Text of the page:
Like many others no doubt, I’ve been struggling a bit recently.
The nature of my work means that I spend a lot of time online, so perhaps of late, with the world climate being what it is, with social media and news sites being particularly loud, my mind has been disproportionately fed the opinions and thoughts of others. And tiny bit by tiny bit is has taken me away from myself until I sensed a lingering feeling of disconnection. From what, I wasn’t exactly sure.
Last night, I sat down- with my feelings and thoughts and slightly ache-ey heart- and asked, what’s up?
And I realised, that things were a little shaky. That my foothold of belief in people’s fundamental and basic goodness had grown a little shaky. Where previously, my weight had rested strong in this understanding- the entirety of me feeling steady and well supported- now I had the feeling that it was only the grip of my toes and a few clinging fingers anchoring me to land.
And so I searched. I searched for affirmation of this underlying thread, this invisible silk that binds us all together. In that search, I brought to mind two facets of my learning that brought me comfort, and I share them in the hope that it may do the same for someone else. They come from two very different places but are connected by the same root; the Shambhala tradition of Buddhism and The Polyvagal Theory, as proposed by Stephen Porges.
Let’s start with the first. Shambhala Buddhism is cradled by the understanding that people are formed from of a fundamental, basic goodness. The word that they give to it can be broken down into three main parts that translate to “from the beginning”, “pure” and “complete”.
Pema Chodron uses the analogy of a glass of water to describe our basic nature. Imagine there is a glass of water, she says, clear, sparkling, and fresh. Imagine then someone takes a teaspoon of dirt and drops it into the water and stirs it. Now, the water is not clear, but murky and muddy.
For as long as we keep stirring, the water remains foggy and dark. But if we stop and just rest, the dirt begins to settle until it will come to settle at the bottom and, again, the water will be clear.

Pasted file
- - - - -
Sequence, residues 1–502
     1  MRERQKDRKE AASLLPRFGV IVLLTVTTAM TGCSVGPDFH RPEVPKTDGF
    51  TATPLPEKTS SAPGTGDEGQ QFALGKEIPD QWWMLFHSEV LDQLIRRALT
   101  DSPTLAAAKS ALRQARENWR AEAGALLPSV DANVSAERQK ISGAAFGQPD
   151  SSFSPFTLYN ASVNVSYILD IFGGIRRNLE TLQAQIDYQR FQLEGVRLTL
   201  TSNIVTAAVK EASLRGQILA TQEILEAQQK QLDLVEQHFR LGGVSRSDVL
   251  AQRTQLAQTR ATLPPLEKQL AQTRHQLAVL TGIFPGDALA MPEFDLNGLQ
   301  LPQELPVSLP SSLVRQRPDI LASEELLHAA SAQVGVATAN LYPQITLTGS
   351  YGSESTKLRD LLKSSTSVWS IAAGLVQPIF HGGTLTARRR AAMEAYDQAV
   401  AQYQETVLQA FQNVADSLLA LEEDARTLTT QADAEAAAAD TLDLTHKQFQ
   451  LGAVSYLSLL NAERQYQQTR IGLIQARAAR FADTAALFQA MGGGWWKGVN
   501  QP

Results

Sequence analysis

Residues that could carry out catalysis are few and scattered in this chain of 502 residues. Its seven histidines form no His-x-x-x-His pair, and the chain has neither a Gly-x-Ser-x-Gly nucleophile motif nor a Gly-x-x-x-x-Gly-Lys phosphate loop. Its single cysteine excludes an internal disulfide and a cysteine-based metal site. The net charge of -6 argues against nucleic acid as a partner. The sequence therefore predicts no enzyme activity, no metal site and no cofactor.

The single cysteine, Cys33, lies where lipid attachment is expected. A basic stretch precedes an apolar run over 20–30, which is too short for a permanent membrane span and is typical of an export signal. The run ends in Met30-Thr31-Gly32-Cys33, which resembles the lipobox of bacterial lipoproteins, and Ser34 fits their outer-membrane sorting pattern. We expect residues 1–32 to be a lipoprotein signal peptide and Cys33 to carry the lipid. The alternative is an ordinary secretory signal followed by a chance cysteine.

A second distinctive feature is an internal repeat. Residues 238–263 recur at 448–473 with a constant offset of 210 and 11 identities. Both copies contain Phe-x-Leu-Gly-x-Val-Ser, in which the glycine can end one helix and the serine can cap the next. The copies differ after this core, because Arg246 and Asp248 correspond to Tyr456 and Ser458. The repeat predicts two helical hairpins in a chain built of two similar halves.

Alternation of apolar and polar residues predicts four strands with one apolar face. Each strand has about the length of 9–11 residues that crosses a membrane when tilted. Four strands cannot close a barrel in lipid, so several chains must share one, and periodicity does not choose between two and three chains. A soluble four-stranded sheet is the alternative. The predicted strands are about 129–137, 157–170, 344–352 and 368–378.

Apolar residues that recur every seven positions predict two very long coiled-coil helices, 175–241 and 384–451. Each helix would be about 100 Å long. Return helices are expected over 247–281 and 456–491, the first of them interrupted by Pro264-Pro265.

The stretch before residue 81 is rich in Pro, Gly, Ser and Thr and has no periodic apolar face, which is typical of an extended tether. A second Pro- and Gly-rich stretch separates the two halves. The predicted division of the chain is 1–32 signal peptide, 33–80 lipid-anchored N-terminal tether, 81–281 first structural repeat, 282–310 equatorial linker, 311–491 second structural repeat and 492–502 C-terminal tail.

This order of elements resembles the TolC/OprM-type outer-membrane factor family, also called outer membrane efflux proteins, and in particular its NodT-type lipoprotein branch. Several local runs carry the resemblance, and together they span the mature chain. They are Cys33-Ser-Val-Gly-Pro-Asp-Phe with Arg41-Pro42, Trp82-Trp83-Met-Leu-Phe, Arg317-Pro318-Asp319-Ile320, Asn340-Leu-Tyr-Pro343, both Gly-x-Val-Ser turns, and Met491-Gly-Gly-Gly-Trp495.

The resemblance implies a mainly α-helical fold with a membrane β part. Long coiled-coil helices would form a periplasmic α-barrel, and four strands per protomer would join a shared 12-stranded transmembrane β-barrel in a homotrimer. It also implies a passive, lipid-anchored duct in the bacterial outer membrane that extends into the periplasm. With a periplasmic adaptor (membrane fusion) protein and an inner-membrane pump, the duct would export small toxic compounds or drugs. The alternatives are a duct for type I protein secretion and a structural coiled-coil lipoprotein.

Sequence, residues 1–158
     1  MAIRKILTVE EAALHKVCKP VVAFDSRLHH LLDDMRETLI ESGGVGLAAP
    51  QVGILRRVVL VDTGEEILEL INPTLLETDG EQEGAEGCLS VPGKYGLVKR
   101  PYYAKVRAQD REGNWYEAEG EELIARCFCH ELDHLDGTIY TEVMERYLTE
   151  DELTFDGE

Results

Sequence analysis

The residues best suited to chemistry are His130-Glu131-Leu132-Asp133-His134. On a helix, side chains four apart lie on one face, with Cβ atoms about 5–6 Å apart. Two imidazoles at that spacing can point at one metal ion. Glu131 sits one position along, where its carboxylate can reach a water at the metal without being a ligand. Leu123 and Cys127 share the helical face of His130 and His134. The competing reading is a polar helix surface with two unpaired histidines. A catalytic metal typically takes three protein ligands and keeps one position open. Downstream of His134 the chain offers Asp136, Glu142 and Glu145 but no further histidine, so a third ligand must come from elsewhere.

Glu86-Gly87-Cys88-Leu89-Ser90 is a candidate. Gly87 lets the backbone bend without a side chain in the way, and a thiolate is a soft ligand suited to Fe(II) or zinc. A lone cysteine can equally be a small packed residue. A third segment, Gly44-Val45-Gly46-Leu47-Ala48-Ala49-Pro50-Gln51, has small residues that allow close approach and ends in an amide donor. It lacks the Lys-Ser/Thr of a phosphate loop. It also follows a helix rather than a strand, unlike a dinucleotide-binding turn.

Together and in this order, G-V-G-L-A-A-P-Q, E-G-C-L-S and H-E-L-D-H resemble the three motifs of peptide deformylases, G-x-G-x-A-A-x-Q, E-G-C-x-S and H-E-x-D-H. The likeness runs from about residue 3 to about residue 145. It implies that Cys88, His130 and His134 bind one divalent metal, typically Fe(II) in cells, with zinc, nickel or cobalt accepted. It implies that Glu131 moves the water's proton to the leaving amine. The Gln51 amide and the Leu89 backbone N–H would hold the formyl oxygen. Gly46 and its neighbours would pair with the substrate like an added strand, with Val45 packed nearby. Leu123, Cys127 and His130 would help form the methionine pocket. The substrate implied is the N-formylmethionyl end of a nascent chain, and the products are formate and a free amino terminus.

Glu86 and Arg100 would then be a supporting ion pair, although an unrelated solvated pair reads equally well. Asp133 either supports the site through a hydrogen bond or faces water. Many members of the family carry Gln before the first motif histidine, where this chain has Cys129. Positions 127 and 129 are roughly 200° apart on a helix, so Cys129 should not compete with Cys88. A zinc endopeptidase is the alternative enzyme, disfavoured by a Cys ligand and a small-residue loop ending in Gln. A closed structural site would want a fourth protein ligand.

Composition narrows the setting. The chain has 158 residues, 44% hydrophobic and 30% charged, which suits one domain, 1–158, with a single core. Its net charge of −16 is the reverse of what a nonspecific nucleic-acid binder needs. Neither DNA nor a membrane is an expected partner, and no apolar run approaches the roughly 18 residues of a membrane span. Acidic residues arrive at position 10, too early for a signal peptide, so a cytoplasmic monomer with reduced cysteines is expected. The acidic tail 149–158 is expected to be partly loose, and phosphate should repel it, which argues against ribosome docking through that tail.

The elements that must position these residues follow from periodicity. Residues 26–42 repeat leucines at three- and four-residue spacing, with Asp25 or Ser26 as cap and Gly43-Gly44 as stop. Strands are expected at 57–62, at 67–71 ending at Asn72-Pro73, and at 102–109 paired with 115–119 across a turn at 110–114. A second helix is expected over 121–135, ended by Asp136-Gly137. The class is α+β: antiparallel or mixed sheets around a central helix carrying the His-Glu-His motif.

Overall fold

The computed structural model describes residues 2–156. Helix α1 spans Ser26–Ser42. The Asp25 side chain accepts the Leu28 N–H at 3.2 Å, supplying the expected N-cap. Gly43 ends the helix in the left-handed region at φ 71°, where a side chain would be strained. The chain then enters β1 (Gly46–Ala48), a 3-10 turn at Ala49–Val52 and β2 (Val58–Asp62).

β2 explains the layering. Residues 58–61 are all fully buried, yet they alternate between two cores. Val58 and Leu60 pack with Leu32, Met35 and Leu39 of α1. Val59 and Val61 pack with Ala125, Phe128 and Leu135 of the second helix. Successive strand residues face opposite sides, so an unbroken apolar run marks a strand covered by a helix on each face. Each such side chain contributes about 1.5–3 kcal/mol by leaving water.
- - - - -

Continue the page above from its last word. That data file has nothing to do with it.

What, then, is basic? Is it the churning that is basic? Or the water?
Stephen Porges, when questioned on the essence of his Polyvagal theory comes back to this:
At our core, he asserts, humans are connected, co-operative, and social. Our nervous system is such that the way we engage- through our facial muscles, speech, and physical touch- cues us for feelings of safety or feelings of threat.
That last part is really important; it tells us that as much as our nervous system responds to prompts of concern, it also needs prompts or cues to feel safety and connection. We establish this through physical touch; through the looks of love and connection on the faces of others; through the prosody and tone of the voice. This is not necessarily something that we return to in the absence of threat, but something that is actively established when these markers are there for us to synchronise, unite, and regulate with.
Reminding myself of this caused me to exhale.
At our most basic, we are the water. Basic goodness is our essence.
To viscerally feel this, it is not enough to limit exposure to things that activate our threat systems. We also need to actively seek out that which cues us for safety. For connection. To seek out that remind us of our underlying nature.
For those of us committed to the water underneath, we have to dare to keep finding ways to stop stirring the glass.
So when the dirts in our hair, in our eyes and clinging to our skin, there’s still a voice that whispers,
We are the water.
We are the water.
We are the water.